Earlier this week, WBUR featured a poignant story on Dedham-based photographer Jim Hooper’s portrait project of the faces of Gloucester’s working waterfront. The title of the project sets its tone: “Not A Funeral: Portraits of Gloucester’s Working Waterfront.” It sends a strong message that the fishing industry, although suffering, is not giving up hope that this current crisis will pass. Noting that he “didn’t set out to make pretty portraits,” Hooper accurately captures multiple generations of fishermen (and women) from America’s oldest seaport. The images are raw and telling, many of them taken as the fishermen were stepping off their boats after a hard day’s work.
When he initially approached industry members expressing interest in his desire to shoot this project, Hooper was met with some resistance. “We have no interest in letting you preside over a funeral” they said. Hooper explained his motives lie in the opposite direction: to celebrate the industry in its current state and pay homage to the faces that are currently struggling to carve out a living on our local seas.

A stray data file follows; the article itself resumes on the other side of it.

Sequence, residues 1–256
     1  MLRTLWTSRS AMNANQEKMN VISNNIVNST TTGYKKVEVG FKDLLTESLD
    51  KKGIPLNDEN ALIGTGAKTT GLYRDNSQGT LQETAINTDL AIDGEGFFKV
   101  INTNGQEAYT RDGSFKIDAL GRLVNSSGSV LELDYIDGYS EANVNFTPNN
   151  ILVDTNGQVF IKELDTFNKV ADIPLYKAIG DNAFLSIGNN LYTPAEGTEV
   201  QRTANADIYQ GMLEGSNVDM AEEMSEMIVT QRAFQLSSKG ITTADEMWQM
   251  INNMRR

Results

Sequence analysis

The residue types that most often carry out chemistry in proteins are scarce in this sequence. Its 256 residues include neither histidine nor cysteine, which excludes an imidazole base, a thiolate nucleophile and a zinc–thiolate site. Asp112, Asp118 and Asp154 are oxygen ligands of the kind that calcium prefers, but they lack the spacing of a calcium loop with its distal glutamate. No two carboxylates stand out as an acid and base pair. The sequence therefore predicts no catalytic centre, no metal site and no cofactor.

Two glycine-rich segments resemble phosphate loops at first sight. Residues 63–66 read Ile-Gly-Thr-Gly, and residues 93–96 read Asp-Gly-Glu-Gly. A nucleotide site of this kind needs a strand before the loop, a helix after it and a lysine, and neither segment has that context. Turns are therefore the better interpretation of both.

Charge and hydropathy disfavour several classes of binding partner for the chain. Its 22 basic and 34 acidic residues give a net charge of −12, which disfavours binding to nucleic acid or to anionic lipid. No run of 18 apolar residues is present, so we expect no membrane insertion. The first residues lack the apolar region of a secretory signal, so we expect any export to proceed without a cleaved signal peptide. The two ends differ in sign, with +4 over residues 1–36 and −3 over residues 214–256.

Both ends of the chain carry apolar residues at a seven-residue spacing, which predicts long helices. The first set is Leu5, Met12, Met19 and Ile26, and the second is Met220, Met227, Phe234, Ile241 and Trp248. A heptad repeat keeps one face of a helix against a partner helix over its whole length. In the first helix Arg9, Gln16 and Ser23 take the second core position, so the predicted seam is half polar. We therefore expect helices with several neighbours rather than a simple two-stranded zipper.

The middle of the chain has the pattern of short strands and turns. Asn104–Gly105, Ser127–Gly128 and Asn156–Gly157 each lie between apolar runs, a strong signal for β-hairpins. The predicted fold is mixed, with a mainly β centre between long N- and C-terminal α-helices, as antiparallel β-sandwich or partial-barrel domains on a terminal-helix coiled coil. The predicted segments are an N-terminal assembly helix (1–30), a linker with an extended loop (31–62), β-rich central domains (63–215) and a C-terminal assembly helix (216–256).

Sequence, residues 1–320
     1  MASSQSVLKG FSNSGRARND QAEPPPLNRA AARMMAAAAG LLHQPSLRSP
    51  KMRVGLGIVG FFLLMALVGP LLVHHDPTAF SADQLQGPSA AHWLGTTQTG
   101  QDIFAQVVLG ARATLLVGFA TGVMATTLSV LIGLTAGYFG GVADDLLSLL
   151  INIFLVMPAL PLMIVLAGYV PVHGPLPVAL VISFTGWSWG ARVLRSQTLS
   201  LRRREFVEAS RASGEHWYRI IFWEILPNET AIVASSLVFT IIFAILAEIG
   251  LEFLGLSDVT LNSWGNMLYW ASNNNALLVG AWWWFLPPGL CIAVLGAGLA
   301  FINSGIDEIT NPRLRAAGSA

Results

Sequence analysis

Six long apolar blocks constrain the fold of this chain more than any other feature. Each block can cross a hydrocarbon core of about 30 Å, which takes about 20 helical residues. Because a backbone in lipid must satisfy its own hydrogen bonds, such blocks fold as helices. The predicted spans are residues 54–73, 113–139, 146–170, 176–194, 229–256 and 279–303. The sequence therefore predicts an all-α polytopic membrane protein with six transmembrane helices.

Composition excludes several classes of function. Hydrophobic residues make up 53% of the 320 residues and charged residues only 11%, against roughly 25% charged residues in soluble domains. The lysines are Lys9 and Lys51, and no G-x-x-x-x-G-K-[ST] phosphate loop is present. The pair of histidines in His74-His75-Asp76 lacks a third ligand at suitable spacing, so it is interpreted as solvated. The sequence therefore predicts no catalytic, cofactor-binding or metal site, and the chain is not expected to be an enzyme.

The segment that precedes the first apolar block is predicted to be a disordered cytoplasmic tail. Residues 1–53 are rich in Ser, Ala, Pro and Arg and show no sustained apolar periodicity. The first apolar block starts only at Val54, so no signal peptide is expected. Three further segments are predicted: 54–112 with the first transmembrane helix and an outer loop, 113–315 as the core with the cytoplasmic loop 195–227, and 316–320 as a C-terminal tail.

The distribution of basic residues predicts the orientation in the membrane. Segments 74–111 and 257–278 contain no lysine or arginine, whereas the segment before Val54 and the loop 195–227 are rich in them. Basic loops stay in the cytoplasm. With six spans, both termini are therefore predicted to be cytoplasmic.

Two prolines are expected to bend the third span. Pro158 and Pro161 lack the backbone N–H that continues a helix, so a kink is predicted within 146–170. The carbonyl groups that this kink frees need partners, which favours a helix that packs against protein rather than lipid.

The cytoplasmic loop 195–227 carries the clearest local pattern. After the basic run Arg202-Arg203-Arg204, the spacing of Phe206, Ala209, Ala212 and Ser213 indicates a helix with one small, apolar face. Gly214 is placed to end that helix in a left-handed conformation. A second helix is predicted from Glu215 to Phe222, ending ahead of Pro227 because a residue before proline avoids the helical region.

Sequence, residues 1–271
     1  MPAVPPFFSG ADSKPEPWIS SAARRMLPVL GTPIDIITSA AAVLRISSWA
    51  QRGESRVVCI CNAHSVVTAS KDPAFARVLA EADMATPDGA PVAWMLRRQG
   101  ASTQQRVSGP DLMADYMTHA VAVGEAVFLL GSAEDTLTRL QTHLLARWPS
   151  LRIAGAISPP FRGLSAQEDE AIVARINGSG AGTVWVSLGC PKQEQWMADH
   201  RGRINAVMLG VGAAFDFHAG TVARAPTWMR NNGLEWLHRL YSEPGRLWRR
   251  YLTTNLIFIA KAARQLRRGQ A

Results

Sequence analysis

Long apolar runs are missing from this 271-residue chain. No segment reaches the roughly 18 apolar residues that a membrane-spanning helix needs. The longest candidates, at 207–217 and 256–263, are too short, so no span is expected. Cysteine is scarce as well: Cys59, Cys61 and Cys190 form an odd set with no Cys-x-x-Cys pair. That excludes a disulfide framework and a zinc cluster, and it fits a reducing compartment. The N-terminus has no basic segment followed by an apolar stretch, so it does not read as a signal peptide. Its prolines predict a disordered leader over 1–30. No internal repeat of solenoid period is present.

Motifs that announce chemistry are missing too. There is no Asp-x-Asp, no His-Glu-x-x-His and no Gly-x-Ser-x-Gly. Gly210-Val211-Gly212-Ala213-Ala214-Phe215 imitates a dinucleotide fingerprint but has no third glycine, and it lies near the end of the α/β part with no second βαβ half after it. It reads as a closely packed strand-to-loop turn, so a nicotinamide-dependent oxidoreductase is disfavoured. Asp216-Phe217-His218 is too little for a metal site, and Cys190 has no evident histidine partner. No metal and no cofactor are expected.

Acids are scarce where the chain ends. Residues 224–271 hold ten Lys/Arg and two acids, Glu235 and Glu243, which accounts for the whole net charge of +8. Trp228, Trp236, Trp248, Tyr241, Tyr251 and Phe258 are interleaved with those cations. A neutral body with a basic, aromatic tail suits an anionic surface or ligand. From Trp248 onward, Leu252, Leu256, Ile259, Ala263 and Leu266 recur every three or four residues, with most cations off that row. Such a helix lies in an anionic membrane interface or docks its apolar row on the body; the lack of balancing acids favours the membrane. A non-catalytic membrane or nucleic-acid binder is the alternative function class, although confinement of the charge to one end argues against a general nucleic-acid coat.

Working under extreme and controversial regulatory restrictions, the shell of the fishing industry that remains active is fighting an uphill battle. However, as this article and portrait project so gracefully illustrates, they are a strong group with a deep history and firm roots, and they’re not going anywhere soon. You can hear the passion and commitment in the voices of fishermen providing narrative accounts, which is also included with this article. It’s well worth a listen.
You can read the whole article, view images, and listen to audio by clicking this link.